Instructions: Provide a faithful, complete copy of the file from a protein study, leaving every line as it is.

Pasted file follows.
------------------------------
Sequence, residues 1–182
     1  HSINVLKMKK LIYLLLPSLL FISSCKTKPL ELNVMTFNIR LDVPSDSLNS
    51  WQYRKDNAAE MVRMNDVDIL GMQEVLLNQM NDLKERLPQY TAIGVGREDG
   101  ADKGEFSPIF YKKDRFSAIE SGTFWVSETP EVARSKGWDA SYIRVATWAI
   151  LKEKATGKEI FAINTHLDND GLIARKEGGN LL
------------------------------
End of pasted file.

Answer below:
Sequence, residues 1–182
     1  HSINVLKMKK LIYLLLPSLL FISSCKTKPL ELNVMTFNIR LDVPSDSLNS
    51  WQYRKDNAAE MVRMNDVDIL GMQEVLLNQM NDLKERLPQY TAIGVGREDG
   101  ADKGEFSPIF YKKDRFSAIE SGTFWVSETP EVARSKGWDA SYIRVATWAI
   151  LKEKATGKEI FAINTHLDND GLIARKEGGN LL